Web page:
For most of this past year, my family took 2–3 vacations a week. We didn’t get on an airplane (though I work for an airline), and we didn’t cross any time zones. Heck, we didn’t even get in the car.
We got on our bikes.
When planning a vacation, people look to the usual high-profile places; New York City, San Francisco, etc. Some will venture abroad, while others will hit Disney and the Florida coasts. COVID changed that calculus for most of the world.
In the middle of flyover country lies one of the most underrated cities in the country; Madison, WI. The only capital on an isthmus, it’s a small town in a small space that punches well above its weight. There is an abundance of restaurants for every taste, plenty of culture, and natural beauty at every turn (it is right between two lakes, after all). If that wasn’t enough, it’s also home to the University of Wisconsin.
It also enjoys proximity to both Milwaukee and Chicago. Being only 2 hours away by car makes it a perfect excursion during a visit to one of those towns.
All of that is true, and all of those are excellent reasons to visit. And for the most part, none of it was enough for us to stop letting day-to-day life get in the way of experiencing it.
It took a pandemic, but we finally got out and saw the city we’ve called home for 15 years. Some of the places we went, we’ve driven by 100’s of times but never really gone to. Others were old favorites made new.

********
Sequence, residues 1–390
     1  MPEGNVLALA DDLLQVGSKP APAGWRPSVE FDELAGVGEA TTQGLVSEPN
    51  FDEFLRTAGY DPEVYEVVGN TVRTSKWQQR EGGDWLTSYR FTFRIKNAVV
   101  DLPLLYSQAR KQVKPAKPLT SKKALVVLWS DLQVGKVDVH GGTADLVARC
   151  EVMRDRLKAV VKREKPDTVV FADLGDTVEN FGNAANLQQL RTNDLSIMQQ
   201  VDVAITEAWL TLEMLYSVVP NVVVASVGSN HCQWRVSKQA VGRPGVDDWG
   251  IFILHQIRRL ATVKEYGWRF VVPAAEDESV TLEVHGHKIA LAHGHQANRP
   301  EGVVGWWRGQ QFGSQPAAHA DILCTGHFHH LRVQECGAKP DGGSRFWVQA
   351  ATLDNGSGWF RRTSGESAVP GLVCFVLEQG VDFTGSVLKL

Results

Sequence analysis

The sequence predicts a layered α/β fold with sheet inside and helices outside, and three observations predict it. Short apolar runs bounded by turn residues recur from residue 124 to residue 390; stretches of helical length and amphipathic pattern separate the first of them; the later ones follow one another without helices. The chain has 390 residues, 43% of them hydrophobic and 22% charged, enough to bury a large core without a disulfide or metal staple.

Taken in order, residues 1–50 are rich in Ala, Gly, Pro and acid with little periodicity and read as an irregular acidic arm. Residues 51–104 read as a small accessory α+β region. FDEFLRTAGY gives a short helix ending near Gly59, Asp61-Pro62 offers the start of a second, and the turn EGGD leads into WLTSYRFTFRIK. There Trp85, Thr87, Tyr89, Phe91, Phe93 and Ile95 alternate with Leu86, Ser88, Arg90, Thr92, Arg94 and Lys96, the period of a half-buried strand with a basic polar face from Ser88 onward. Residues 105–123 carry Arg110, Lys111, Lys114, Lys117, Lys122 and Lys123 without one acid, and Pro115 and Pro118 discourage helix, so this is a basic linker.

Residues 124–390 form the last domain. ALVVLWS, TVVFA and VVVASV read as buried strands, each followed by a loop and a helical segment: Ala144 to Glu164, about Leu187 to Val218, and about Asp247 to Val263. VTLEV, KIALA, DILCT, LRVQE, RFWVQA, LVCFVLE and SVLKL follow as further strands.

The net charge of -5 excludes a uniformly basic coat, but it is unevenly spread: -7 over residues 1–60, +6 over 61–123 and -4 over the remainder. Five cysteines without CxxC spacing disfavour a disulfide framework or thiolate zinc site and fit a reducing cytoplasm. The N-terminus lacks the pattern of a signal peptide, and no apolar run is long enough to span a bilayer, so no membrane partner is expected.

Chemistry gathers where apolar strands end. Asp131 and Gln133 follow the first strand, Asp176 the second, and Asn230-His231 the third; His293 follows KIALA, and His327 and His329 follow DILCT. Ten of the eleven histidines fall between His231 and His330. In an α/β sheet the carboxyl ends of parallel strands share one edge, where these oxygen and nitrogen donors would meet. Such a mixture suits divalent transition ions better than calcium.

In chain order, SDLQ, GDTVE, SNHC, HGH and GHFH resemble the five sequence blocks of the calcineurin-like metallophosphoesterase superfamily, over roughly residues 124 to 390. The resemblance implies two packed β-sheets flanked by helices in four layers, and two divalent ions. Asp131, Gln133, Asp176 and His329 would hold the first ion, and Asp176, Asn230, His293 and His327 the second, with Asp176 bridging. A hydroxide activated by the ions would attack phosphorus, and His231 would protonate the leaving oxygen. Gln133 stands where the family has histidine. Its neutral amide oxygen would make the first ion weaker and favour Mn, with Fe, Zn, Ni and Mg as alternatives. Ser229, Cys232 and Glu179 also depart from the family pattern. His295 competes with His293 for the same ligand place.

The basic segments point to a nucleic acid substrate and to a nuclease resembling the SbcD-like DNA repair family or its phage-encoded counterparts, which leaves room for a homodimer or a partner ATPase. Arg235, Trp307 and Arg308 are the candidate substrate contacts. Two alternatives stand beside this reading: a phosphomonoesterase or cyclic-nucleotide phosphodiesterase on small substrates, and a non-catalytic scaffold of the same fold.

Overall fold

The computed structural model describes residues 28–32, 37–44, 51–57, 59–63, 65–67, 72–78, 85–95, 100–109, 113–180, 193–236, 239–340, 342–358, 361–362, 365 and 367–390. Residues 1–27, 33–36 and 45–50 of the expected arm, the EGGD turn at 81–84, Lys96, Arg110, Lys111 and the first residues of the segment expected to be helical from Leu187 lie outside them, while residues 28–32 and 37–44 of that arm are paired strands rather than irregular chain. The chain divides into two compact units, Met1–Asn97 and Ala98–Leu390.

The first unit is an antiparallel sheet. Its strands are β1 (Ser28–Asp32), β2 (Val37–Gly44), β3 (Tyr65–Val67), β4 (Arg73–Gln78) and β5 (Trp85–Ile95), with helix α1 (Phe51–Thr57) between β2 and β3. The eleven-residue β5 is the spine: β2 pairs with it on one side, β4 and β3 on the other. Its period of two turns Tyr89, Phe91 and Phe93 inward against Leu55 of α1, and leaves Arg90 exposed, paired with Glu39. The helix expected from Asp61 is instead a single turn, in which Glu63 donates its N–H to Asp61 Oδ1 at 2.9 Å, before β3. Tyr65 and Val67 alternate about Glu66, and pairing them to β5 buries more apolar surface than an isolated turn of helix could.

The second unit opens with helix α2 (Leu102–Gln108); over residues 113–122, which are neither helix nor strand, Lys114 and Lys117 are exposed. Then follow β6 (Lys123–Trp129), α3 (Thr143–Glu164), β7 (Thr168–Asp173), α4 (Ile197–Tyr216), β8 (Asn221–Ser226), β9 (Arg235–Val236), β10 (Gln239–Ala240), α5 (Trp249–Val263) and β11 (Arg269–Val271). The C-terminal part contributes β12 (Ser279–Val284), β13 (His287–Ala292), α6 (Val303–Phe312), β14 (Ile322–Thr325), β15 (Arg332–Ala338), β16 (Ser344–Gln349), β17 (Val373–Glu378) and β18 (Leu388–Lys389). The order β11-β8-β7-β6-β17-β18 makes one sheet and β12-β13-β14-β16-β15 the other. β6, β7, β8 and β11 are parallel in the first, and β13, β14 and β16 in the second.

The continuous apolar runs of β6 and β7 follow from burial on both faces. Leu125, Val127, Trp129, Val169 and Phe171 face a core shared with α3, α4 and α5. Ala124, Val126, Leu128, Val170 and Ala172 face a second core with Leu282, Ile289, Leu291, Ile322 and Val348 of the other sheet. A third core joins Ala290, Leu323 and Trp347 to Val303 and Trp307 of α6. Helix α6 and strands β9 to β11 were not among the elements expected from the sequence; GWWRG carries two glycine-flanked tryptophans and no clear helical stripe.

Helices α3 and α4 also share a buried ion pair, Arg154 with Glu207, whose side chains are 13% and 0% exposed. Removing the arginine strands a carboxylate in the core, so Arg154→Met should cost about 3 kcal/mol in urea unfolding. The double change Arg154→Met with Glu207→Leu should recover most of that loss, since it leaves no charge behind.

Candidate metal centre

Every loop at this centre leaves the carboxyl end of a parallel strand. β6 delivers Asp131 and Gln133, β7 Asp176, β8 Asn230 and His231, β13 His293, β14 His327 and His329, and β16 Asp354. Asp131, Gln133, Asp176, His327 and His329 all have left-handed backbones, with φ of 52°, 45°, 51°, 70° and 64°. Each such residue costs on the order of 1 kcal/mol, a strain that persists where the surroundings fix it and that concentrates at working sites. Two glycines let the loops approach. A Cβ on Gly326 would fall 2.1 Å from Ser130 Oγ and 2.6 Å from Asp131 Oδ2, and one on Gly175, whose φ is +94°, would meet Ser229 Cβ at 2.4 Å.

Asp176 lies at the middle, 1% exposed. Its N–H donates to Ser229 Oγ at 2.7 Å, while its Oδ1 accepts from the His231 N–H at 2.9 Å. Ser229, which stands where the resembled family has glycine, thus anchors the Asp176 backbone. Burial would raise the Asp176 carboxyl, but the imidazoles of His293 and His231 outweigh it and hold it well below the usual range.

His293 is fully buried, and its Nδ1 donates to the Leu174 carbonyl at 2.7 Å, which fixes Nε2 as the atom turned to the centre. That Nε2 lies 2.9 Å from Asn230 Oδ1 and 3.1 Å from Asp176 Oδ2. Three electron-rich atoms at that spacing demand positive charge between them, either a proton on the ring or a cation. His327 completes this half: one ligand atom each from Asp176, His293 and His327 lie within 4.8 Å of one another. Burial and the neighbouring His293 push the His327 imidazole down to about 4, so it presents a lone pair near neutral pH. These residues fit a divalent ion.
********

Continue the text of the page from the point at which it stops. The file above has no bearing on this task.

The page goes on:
When we all travel, we tend to have a lofty set of expectations. Even experienced travelers have a high bar. It’s why trips sometimes seem to fall flat. Sure, they might’ve been fun, but they aren’t always the mind-blowing experience we hope they’ll be.
In our case, we didn’t just have low expectations; we didn’t have any expectations. And really, what else were we going to do with our time? Some days we had a vague goal, like “let’s make it out to XXX,” but for most trips, the only determinant was what direction to go out of our driveway.
Something funny happens in the absence of expectations; magic and novelty.
When you aren’t hoping for much, everything is great.
Throughout dozens of rides, we found a few new restaurants, new parks, and new sights. We found spaces we never knew existed. We stopped and looked at historical markers commemorating the large and the small. We looked at community gardens. We coursed through neighborhoods that, in reality, we’re only 7–10 miles away but may as well have been on the other side of the country.
I could probably write one of those “insider’s guide to…” pieces we’ve all seen a thousand times. After all, there’s plenty here to keep one busy for days, weeks, or even years.
In fact, I did write that article for this challenge. Twice, actually. But I decided I wanted the main takeaway to be about something else, something a little different from the usual checklist of must-sees.
Wherever we went, I found myself fascinated by the idea that these entire universes were so close. All of us share the same city but live completely parallel lives simultaneously. In the end, I think that crossing those boundaries is what drives us to travel. Not just to see how the other half lives, but to experience it firsthand.
Sure, collecting passport stamps makes for good dinner party conversations, and everyone should take a road trip at least once in their lives. But when you distill it down, I think it all comes down to connection and novelty. As social creatures, we’re wired to enjoy meeting new people and experiencing new cultures.
Sometimes that happens in far-flung corners of the globe. Sometimes it occurs on an afternoon bike ride through the town you live in.
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